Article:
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Black and Hispanic Make Up More Than 50% of Coronavirus Morbidity

Dr. Kenneth Hughes, Los Angeles plastic surgeon, reviewed findings from a recent research study about disparity among different ethnic groups secondary to coronavirus. A recent study showed that black and Hispanic people made up 53% of the morbidity for those patients hospitalized for coronavirus. However, these same individuals made up 58% of those hospitalized. Therefore, their in-hospital outcome was at least as good as their white counterparts. Poorer hospital treatment due to black or Hispanic ethnicity is not borne out by the data.

The study also found that black and Hispanic patients had more underlying health conditions. Black patients had the highest rates of obesity, high blood pressure and diabetes. This group also had the highest rates of mechanical ventilation and kidney intervention. So these individuals were sicker patients with more comorbidities who survived at a higher rate than white counterparts, who were less sick. All of these factors and data cast extreme doubt on some sort of institutional racism negatively affecting patients of color, their hospital treatments, and their overall outcomes.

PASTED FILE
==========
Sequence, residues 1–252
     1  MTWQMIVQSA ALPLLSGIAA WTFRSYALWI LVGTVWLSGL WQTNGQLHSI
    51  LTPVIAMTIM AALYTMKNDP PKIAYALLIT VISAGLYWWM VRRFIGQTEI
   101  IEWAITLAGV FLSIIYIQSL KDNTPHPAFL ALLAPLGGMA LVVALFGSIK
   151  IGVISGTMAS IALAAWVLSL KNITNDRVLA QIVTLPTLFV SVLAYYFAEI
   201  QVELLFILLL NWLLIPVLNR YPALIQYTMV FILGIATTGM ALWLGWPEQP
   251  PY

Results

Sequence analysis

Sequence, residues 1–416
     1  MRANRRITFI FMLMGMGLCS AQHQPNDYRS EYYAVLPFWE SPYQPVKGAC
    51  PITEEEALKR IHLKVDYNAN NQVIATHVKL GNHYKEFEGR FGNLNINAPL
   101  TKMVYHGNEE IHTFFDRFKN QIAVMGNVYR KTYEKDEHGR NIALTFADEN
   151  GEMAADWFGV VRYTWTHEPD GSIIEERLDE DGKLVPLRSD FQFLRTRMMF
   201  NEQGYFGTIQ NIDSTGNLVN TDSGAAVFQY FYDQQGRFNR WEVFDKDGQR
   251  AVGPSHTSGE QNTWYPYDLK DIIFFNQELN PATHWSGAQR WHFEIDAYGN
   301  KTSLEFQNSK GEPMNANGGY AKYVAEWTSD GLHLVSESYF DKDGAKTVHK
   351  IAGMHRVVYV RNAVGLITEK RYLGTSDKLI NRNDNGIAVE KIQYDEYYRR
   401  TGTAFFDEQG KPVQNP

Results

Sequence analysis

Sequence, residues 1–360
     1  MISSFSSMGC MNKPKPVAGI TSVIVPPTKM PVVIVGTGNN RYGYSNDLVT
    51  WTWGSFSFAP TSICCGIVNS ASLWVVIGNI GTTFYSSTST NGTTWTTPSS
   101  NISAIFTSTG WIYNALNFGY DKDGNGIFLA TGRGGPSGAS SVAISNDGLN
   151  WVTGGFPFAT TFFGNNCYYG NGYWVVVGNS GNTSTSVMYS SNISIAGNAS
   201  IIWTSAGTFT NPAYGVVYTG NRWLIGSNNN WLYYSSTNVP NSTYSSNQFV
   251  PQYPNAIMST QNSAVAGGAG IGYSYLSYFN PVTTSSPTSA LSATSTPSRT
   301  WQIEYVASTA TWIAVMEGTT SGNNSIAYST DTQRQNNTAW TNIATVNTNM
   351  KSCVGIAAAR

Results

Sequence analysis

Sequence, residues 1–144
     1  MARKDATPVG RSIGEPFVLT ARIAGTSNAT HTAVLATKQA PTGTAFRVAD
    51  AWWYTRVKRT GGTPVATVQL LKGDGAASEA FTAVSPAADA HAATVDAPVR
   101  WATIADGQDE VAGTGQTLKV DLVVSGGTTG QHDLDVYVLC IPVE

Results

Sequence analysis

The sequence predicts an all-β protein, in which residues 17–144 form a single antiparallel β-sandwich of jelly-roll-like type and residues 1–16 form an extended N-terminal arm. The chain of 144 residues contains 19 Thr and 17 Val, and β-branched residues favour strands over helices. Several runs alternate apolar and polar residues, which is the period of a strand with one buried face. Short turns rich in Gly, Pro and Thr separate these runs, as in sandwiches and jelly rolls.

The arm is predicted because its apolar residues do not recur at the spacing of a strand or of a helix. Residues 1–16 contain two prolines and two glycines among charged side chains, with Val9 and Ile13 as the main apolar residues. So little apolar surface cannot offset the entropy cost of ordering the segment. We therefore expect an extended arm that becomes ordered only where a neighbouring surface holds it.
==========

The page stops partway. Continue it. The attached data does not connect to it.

The study found that the number of black and Hispanic patients coming to the hospital for treatment was higher, which means there was not an access to healthcare issue either. The number of black and Hispanic patients coming for treatment at the hospital was a greater number than was reflective of their percentages in the community.

Dr. Kenneth Hughes will continue to evaluate studies to determine role that race or ethnicity may have upon access to healthcare and treatment of patients of a given condition. These types of statistical analyses are invaluable for evaluating concerns such as these. Anecdotal reports are of very limited utility in evaluating systemic issues, and doctors should employ science over emotion in evaluation.